Molecular and functional responses of soil microbial communities under grassland restoration

  • Published source details Plassart P., Akpa V.M., Gangneux C., Mercier A., Barray S. & Laval K. (2008) Molecular and functional responses of soil microbial communities under grassland restoration. Agriculture, Ecosystems & Environment, 127, 286-293.


This study is summarised as evidence for the following.

Action Category

Restore or create low input grasslands

Action Link
Soil Fertility
  1. Restore or create low input grasslands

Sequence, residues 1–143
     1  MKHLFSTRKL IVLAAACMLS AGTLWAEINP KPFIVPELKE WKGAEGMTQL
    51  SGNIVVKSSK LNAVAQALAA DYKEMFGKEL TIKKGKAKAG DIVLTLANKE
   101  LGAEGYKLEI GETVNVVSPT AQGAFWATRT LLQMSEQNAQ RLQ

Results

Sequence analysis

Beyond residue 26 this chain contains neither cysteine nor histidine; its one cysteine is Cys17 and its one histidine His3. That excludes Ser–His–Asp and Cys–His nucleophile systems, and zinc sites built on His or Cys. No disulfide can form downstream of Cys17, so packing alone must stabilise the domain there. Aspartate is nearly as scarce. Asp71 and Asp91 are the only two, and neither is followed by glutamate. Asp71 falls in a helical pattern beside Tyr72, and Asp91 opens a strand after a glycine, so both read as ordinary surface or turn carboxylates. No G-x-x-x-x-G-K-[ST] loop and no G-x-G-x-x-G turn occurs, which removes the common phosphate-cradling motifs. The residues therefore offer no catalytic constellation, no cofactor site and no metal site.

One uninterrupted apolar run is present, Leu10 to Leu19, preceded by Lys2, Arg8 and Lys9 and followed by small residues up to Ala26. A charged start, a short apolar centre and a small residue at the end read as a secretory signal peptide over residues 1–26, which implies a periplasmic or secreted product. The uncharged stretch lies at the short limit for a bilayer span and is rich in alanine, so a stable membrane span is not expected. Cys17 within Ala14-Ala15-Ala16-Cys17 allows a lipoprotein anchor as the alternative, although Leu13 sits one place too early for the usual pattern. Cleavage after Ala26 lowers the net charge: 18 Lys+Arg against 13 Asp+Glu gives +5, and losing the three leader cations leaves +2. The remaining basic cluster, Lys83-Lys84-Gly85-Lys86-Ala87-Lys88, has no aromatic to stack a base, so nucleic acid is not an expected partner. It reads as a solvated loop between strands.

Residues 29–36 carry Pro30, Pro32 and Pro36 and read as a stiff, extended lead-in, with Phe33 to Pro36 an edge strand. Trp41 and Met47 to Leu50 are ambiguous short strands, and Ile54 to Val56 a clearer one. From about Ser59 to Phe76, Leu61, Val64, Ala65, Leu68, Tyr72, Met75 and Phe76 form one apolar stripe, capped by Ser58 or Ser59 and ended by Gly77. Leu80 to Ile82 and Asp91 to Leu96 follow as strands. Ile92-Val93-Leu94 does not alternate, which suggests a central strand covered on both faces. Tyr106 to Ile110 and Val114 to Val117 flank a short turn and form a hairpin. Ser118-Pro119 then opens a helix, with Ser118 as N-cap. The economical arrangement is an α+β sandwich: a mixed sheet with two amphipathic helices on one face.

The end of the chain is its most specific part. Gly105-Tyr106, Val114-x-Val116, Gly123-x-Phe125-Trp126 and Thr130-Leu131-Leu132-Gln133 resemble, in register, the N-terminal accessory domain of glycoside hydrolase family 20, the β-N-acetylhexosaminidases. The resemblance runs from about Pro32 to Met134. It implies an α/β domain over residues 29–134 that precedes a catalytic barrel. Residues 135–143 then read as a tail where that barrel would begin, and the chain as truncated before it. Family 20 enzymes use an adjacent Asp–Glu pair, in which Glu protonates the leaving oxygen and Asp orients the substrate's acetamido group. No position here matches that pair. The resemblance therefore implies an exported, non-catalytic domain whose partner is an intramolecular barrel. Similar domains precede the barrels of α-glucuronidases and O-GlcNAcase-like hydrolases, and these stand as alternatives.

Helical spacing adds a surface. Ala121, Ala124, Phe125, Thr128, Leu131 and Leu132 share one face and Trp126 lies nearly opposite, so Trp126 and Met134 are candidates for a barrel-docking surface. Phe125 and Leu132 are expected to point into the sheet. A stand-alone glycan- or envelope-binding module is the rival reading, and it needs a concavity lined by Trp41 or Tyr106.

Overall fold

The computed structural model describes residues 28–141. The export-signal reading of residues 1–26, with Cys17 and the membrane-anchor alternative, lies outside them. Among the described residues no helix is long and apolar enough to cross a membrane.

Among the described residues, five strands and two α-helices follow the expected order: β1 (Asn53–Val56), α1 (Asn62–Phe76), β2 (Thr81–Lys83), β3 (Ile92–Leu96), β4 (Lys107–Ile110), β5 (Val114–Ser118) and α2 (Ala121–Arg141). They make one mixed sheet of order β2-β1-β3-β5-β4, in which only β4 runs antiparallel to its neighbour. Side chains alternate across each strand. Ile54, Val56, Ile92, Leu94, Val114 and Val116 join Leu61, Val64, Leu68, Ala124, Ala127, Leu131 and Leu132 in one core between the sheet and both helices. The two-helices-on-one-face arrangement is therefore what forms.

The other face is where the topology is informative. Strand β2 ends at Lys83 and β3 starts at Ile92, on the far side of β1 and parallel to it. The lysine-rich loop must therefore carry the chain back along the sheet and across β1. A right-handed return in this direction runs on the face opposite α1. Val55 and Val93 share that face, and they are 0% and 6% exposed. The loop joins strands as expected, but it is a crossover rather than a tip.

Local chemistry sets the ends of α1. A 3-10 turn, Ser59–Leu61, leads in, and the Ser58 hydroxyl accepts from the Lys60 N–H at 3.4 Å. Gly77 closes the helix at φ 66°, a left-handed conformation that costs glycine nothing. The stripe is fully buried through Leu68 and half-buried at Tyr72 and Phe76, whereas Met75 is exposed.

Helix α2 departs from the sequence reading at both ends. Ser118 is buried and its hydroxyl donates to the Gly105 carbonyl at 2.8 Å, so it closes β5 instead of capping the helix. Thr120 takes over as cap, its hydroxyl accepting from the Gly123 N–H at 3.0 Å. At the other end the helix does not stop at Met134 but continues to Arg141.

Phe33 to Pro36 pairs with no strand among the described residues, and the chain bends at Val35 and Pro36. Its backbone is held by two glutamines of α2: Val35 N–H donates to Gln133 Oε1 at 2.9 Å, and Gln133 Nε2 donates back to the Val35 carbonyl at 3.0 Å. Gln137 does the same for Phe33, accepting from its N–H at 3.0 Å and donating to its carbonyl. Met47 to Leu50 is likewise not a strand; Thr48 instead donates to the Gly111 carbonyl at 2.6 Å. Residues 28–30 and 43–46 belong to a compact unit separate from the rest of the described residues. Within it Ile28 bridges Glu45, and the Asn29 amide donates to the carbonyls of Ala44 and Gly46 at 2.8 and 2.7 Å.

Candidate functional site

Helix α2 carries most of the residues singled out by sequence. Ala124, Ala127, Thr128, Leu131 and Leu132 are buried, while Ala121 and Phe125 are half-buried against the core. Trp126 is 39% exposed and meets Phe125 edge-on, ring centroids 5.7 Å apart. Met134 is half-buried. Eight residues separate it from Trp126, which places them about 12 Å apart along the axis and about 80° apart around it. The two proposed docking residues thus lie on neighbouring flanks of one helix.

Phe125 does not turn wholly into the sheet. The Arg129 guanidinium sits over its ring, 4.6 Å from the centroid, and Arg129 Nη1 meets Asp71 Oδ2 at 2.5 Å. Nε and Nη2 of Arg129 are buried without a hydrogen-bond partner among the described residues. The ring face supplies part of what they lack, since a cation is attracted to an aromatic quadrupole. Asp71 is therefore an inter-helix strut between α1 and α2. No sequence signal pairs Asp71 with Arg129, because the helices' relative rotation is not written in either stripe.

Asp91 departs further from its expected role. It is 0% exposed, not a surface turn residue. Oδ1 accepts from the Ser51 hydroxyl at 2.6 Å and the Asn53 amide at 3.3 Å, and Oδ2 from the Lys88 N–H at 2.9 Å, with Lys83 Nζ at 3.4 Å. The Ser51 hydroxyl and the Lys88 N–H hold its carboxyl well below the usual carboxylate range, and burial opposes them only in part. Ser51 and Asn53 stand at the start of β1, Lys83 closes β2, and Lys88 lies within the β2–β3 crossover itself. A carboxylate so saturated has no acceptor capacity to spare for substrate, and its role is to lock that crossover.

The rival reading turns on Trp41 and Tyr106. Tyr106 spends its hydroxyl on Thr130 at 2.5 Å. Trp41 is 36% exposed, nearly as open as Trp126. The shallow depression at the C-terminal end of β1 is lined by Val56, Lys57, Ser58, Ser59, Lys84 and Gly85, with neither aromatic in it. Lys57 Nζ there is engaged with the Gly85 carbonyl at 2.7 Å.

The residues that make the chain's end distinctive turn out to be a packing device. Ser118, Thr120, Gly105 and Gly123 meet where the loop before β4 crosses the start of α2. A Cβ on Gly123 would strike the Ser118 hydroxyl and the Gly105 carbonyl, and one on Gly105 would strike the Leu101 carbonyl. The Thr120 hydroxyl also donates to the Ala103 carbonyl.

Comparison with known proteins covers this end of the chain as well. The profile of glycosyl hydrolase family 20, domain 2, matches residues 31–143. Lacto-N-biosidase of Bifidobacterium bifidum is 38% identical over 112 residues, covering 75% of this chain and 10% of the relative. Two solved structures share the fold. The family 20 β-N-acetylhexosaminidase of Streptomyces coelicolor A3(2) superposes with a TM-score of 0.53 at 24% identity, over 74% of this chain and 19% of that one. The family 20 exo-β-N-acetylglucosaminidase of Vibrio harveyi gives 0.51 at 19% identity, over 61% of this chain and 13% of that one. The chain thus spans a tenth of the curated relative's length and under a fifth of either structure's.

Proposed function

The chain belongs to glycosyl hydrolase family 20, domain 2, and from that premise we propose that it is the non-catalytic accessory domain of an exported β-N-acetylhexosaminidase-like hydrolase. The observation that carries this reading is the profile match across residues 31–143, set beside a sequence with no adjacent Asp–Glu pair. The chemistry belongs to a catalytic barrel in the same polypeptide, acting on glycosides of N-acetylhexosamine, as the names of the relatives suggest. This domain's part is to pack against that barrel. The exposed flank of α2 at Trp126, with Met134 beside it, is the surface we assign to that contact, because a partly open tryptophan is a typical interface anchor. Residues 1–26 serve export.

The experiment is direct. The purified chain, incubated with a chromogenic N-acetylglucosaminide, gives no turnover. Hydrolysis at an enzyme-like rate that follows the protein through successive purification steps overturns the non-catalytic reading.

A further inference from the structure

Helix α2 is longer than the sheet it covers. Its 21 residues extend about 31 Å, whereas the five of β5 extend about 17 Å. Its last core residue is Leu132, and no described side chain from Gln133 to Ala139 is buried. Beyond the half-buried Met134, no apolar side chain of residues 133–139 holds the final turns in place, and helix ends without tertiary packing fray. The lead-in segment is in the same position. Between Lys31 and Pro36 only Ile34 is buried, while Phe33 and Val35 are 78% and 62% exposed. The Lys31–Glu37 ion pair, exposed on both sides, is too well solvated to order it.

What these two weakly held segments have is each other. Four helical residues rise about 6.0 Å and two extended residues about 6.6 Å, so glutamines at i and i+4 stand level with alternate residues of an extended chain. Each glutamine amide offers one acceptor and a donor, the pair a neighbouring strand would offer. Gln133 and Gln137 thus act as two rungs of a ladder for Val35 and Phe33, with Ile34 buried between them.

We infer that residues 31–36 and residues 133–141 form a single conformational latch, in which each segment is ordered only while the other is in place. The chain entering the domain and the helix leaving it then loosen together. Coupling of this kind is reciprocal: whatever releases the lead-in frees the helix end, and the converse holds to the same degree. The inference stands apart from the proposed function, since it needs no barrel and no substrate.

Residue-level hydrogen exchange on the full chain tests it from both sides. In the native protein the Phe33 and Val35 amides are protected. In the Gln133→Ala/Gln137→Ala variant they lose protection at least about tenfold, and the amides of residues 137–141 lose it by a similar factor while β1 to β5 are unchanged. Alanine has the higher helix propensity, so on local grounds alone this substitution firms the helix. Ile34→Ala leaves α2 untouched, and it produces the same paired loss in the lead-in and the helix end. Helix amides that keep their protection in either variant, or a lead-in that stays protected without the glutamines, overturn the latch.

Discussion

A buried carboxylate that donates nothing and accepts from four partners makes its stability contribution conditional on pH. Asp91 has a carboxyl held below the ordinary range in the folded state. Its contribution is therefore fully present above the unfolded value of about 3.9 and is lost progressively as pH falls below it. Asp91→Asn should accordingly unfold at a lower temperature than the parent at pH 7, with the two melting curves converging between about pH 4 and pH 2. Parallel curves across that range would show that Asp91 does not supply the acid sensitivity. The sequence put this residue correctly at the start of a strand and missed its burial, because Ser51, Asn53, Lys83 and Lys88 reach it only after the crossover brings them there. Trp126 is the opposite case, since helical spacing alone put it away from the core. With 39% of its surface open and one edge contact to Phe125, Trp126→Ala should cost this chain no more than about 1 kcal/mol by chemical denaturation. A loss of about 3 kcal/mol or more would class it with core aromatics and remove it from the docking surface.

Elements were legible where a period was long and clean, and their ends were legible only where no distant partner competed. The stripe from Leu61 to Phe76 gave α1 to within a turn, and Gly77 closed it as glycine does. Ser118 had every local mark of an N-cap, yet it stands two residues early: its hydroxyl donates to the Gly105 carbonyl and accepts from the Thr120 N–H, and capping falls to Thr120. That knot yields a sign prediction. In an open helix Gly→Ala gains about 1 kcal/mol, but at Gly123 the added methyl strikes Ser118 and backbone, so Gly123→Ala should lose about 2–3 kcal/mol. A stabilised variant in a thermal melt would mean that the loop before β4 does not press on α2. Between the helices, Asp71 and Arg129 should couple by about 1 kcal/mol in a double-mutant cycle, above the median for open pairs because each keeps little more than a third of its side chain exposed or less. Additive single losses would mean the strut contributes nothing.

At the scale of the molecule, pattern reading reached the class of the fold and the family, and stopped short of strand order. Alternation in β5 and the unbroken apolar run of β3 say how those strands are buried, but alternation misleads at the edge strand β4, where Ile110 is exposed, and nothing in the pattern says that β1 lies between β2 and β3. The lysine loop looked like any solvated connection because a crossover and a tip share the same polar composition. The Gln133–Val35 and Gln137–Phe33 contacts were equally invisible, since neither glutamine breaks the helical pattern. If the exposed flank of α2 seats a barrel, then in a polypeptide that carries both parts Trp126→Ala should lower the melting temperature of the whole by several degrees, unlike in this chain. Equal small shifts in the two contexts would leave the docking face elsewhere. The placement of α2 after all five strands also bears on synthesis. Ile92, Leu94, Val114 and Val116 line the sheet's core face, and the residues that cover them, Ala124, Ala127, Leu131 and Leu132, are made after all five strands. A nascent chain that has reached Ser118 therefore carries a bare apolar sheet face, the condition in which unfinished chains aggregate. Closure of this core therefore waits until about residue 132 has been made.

A controlled experiment from 1968 to 2002 on silty soil in France (Plassart et al. 2008) found greater microbial biomass under permanent grassland (557 μg C/g) compared to arable management (179 μg C/g). Fungal diversity increased by 2.3 to 6.4 times under grassland compared to arable management. Total carbon was highest under permanent (33.3 g/kg) followed by temporary (19.7 g/kg) then restored grassland (18.1 g/kg), compared to arable management (9.5 g/kg). Microbial activity, or the breakdown of carbon, was greater as grassland aged, with decomposed carbon ranging from 2.4% (of total carbon measured) under arable cropping to 5.6% in older temporary grassland. Treatments included: one long-term arable field (> 10 years of wheat Triticum aestivum, maize Zea mays, flax Linum usitatissimum or beetroot Beta vulgaris), one long-term grassland (> 25 years of pasture), two temporary grassland (previously had 2 years of wheat-maize rotations), and three restored grassland fields (re-established after at least eight years of cropping). The six permanent, temporary and restored grasslands were implanted with perennial ryegrass Lolium perenne and clover Trifolium spp. several times throughout the experiment. Each field was divided into three 2 x 40 m plots and soils were sampled in each plot to 10 cm depth.


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